The Yamaha MT-09 Gets a Facelift & More for 2017

Yamaha’s MT line runs with the tagline “The Dark Side of Japan” and promises edgy and affordable street bikes for urban riders. Someone in Iwata, Japan must have thought that the current Yamaha MT-09 wasn’t quite edgy enough though, which is the only way we can explain the 2017 Yamaha MT-09, which debuted today at the INTERMOT show in Cologne, Germany. Now with a “twin-eyed” LED headlight design, the Yamaha MT-09 feels a little bit more at home when parked next to the Yamaha MT-10 / Yamaha FZ-10 streetfighter. Other changes include an assist/slipper clutch, quickshifter, new suspension, and a redesigned tail section and fender.

Honda CBR1000RR SP2 – Big Red’s New Racing Platform

The current state of the World Superbike Championship rules entirely encourage the adoption once again of “homologation specials” – production bikes whose sole purpose is to be used on the race track. While none of the manufacturers have adopted a radical approach with their homologation special designs, this year’s INTERMOT show has already seen several such machines introduced, the Kawasaki Ninja ZX-10RR, the Suzuki GSX-R1000R, and the Honda CBR1000RR SP2. For Honda, the differences between the SP and SP2 aren’t terribly radical, but they are more purposeful. The 2017 Honda CBR1000RR SP2 does come with several visual cues that are different from the CBR1000RR SP model: carbon insert panels, gold striping on the tri-color paint scheme, and the more obvious Marchesini wheels.

Saturday Summary at Laguna Seca: Of Surprise Front Rows, Record Books, & Qualifying Shake-Ups

07/21/2013 @ 8:57 am, by David Emmett6 COMMENTS


After free practice at Laguna Seca, things looked pretty well sewn up. Marc Marquez was on another planet, with his fourth pole position a mere formality. Alongside him on the front row would be Cal Crutchlow and Valentino Rossi, with Crutchlow looking like having the stronger pace after free practice, while Rossi possessing more sheer outright speed. The rest? Well, they were irrelevant, and would be even more so once qualifying had proved the pundits right.

Only it didn’t quite work out that way. A hectic and eventful qualifying saw Stefan Bradl take his first ever pole position, ahead of Marc Marquez and another surprise package in Alvaro Bautista. Rossi and Crutchlow were left on the second row, just ahead of the walking wounded pair of Jorge Lorenzo and Dani Pedrosa, the Repsol Honda rider heading up the third row.

Saturday at Laguna Seca with Scott Jones

07/21/2013 @ 8:42 am, by Scott JonesComments Off on Saturday at Laguna Seca with Scott Jones

Saturday Summary at Austin: Of Maiden Poles & Riding a Punishing Track

04/21/2013 @ 9:04 am, by David Emmett5 COMMENTS


One record down, one to go. By qualifying on pole in just his second MotoGP race, at the age of 20 years and 61 days, Marc Marquez becomes the youngest premier-class pole-sitter in history, deposing the legendary Freddie Spencer of the crown he has held for 31 years.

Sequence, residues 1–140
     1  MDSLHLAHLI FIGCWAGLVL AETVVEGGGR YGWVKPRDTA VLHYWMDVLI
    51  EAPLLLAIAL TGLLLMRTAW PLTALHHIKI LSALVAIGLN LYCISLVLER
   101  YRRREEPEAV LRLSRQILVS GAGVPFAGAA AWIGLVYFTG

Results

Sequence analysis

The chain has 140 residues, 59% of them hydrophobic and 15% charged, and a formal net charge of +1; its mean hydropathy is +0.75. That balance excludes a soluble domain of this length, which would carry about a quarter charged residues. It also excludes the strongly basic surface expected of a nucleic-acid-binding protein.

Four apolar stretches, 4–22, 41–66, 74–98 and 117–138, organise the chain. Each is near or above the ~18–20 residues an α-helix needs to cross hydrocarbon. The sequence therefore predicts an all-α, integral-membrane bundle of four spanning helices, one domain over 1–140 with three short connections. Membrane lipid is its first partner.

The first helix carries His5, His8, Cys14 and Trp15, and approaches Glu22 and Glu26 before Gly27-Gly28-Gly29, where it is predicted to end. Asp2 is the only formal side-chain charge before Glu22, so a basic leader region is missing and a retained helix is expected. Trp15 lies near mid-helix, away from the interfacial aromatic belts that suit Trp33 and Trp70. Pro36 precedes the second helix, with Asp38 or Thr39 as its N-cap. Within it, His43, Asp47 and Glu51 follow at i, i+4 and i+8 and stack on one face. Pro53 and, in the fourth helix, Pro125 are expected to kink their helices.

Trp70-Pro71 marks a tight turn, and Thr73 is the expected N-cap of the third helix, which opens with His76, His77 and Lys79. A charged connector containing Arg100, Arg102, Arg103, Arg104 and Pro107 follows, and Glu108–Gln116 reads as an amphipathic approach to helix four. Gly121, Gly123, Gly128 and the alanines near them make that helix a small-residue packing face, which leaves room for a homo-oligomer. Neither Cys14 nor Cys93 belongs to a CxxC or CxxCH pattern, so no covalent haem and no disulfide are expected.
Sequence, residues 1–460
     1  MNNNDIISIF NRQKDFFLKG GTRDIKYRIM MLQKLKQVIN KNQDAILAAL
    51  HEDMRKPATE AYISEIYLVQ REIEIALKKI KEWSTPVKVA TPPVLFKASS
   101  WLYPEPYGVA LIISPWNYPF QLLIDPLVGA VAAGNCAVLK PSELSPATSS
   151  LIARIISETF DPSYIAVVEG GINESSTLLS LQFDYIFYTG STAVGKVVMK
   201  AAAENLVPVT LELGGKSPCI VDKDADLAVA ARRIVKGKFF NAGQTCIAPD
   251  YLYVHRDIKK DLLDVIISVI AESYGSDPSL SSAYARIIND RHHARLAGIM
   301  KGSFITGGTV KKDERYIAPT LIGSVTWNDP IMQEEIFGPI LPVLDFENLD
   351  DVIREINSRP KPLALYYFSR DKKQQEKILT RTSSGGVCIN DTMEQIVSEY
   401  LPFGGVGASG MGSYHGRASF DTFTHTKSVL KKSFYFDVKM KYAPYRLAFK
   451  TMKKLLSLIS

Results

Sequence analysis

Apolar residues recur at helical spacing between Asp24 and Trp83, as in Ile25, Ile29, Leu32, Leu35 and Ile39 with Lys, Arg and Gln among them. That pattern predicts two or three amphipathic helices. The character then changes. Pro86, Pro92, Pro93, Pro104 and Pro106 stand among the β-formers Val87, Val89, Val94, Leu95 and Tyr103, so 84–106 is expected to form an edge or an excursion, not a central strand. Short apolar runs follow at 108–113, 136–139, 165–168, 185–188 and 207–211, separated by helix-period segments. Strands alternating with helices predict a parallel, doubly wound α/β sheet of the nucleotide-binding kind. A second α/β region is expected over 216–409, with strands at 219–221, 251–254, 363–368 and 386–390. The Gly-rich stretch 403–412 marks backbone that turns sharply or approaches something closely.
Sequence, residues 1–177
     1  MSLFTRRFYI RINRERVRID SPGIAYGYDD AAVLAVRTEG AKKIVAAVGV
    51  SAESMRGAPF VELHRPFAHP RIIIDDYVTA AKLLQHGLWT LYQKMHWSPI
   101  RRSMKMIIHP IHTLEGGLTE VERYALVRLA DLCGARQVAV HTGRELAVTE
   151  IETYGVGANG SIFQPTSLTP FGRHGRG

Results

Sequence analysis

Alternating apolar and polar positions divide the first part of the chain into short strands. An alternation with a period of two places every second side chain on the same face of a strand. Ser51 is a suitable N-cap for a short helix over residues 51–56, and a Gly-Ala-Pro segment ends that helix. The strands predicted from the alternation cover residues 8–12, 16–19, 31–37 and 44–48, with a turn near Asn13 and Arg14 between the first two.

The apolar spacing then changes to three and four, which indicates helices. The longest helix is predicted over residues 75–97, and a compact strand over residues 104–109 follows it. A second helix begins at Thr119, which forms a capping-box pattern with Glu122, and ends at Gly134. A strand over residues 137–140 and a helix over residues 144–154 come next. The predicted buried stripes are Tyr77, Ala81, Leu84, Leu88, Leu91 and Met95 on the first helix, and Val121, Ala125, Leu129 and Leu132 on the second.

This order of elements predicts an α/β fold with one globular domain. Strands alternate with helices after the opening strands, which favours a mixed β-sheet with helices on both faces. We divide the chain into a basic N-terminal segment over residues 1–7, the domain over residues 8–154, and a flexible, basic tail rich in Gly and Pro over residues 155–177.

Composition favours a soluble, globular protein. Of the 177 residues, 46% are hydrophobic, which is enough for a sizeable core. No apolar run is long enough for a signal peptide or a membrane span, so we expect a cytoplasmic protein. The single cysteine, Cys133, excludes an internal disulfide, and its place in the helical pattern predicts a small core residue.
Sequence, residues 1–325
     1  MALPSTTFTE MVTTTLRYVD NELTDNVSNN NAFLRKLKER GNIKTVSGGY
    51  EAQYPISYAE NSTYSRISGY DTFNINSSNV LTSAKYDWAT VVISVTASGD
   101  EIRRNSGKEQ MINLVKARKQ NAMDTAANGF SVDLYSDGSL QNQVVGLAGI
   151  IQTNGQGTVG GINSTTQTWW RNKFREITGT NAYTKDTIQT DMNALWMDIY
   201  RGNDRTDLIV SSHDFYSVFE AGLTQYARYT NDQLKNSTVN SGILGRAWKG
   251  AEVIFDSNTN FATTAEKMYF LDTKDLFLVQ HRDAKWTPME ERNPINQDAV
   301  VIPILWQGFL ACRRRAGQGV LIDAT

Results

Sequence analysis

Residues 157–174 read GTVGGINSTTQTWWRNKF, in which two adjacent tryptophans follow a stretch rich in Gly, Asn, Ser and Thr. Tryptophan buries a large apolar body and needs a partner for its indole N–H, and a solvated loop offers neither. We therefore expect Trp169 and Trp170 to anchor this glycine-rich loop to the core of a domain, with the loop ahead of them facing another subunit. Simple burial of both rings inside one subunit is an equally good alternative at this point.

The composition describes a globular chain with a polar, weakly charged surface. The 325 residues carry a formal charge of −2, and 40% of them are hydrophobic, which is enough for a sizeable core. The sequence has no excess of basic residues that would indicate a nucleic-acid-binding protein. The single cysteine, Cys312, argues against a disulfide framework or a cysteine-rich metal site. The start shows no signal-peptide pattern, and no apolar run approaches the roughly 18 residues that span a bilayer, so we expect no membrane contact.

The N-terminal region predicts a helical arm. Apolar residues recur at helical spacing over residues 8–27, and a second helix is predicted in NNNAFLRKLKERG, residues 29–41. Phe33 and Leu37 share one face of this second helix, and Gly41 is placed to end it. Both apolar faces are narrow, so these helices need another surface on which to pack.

On Sunday, Marc Marquez will go after the next target: the record as the youngest winner of a premier class Grand Prix, also held by Spencer. If he fails to win on Sunday – a very distinct possibility – he still has until Indianapolis to take Spencer’s record, making it very far from safe.

Marquez’s pole was the crowning glory of an utterly impressive weekend so far. The Repsol Honda youngster has dominated most of practice, leading his teammate by a quarter of a second or more in every session but one. He was immediately fast, but his race rhythm is just as impressive.

In FP3, as grip on the track improved, Marquez cranked out 2’04s and 2’05s like they were going out of style. He was consistent, too. Not quite Jorge Lorenzo consistent, but he was running a pace that would have let him build up a lead, with only Dani Pedrosa able to stay close.

Marquez continues on the meteoric path blazed by the fastest riders in the world who went before. Casey Stoner always said about that truly exceptional riders are up to speed almost immediately, and this is exactly what Marquez has done. On the podium in his first race, on pole for his second, and a strong favorite for the win, this is the mark of a true “Alien”, to use a much-denigrated, but still useful phrase. His first MotoGP victory can’t be far away.

Saturday at Austin with Scott Jones

04/20/2013 @ 8:59 pm, by Scott Jones6 COMMENTS

Saturday at Valencia with Scott Jones

11/11/2012 @ 12:47 am, by Scott Jones2 COMMENTS

Saturday Summary at Motegi: Of Close Racing, More Hot Brakes, & Educating Marc Marquez

10/13/2012 @ 10:14 pm, by David Emmett2 COMMENTS

Another Brno, that is the hope of every MotoGP fan around the world after qualifying sessions like the one at Motegi on Saturday. The breathtaking battle in the Czech Republic, which saw Dani Pedrosa and Jorge Lorenzo on each others’ tails all race long and the result settled in almost the final corner, was the natural outcome of two equally-matched men on very different, but equally-matched machines. There was nothing to choose between the two during qualifying at Brno, and there was nothing to choose between them during the race.

Motegi is shaping up to be similar. Both Lorenzo and Pedrosa have very similar pace, and both have the consistency, the talent, and the desire to push to the end. Jorge Lorenzo may have taken pole – the 50th of his career and one of his finest, with a blistering lap in near-perfect condition to destroy the existing pole record – but Pedrosa’s race pace is fractionally faster than that of the polesitter. Where Lorenzo’s near-robotic consistency has him lapping in the low 1’46.1s, Pedrosa is posting high 1’46.0s. The two men are separated by hundredths of a second only, and appear to have the measure of each other.

The wildcard in all of this is chatter. The problem, which has plagued the Honda all year, reappeared with a vengeance in the middle of qualifying for Pedrosa, leaving him struggling to get up to speed and to mount a serious challenge for pole. “Suddenly I had some big chatter,” Pedrosa said at the press conference, “I was in and out of the box trying to change things.”